Importance of Technical Education

It seems to me…

When considering current U.S. educational policies, the only conclusion I am able to reach is that our political leaders are determined to destroy the very attributes that made our country the envy of the entire world following World War II.  They continue to dig us into a deeper and deeper hole from which it increasingly will be difficult to climb out.  I’ve always heard the advice – when you realize you are digging yourself into a hole, stop digging.  What will it take for them to realize where we are heading?

The primary factors upon which our country’s economic recovery, job creation, and long-term survival are dependent are research and innovation.  Research and innovation, in turn, are dependent upon readily available educated engineers and scientists.

Not only is the overall quality of our educational system in steep decline, we also are producing only a fraction the scientists and engineers we need to maintain our technological position in the world.  A recent Pew study[i] found that only 19 percent of U.S. college presidents consider our system of higher education to be the best in the world.  Is our concentration so focused on achieving balanced budgets that we are willing to sacrifice our nation’s future in the effort?  We already are dependent upon foreign-born scientists and engineers to meet about half our current needs but politicians wish to even further restrict many well-educated and qualified people from being allowed to work here.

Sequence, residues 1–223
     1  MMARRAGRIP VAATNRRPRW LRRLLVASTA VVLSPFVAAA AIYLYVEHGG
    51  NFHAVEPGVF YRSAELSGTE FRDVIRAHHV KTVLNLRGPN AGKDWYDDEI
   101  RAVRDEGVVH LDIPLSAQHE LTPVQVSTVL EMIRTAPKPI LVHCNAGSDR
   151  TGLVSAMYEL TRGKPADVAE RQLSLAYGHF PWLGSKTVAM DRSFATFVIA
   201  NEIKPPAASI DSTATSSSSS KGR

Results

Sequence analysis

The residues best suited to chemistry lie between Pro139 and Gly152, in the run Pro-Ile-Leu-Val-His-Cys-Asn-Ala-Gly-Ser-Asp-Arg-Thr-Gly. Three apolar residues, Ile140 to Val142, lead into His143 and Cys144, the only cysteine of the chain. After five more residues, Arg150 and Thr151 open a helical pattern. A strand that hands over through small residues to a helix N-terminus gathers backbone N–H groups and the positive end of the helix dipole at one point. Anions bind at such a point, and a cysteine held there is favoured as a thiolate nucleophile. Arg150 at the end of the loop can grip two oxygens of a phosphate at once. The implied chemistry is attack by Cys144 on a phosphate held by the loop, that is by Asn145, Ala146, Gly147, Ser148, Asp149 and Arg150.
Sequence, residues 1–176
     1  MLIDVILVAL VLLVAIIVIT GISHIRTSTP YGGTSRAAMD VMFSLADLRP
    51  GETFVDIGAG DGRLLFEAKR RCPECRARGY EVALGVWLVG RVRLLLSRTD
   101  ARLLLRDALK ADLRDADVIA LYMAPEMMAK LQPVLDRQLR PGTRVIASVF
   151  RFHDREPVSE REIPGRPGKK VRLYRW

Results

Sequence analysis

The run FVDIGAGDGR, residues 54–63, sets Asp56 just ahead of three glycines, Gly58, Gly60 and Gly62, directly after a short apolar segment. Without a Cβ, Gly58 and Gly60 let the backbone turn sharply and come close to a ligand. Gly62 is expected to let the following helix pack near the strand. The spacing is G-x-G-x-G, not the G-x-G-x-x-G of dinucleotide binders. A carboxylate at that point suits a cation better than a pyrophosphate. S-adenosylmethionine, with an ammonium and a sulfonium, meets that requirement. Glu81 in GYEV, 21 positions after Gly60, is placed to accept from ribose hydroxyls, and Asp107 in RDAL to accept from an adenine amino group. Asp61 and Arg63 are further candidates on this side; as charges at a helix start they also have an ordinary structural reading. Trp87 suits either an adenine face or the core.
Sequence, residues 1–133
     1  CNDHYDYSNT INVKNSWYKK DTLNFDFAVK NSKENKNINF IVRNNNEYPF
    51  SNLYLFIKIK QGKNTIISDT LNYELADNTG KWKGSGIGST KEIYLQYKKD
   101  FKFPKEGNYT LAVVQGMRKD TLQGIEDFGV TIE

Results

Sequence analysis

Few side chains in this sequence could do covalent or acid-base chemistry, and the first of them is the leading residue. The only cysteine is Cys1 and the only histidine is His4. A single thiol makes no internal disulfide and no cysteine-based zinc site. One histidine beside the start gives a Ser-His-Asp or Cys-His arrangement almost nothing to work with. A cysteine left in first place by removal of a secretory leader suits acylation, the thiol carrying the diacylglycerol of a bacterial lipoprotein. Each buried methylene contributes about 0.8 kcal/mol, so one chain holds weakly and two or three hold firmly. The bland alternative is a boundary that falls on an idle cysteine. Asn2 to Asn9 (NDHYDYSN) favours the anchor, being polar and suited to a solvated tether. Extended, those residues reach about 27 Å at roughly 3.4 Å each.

Enrollment in science and engineering programs has been dropping in spite of an increasing need.  Studies have shown that about 40 percent of all current scientists are over 50 years old; about 22 percent are over 55.  Only about 4 percent are under 30.  Even if we immediately began a program to encourage increased science and technology enrollment, it would take about 15 years for those graduates to have the necessary experience to replace those retiring.  The math doesn’t work; our politicians are mortgaging our future.

While the number of students graduating with degrees in science and engineering is declining, the overall number of positions requiring degrees in those fields is increasing about 5 percent every year.  Where are qualified people going to come from?

The National Academies in Rising Above the Gathering Storm, Revisited: Rapidly approaching Category 5, National Academies Press, Washington, D.C., 2010, warned that the U.S. Economy is at risk and innovation will suffer due to poor-quality science education.

The President’s Council of Advisors on Science and Technology (PCAST) stated in Prepare and Inspire: K-12 Education in Science, Technology, Engineering, and Math (STEM) for America’s Future, Executive Office of the President, Washington, D.C., 2010, that there are “troubling signs” about U.S. STEM education and that “a basic understanding of technology and engineering is important if our children are to contribute to and compete in a rapidly changing society and an increasingly interconnected global community”.

Other countries have significantly increased their number of science and engineering graduates in recent years.  As a direct result of the unavailability of qualified researchers, U.S. companies have been given no choice other than to increase their percentage of research-related position now being conducted overseas.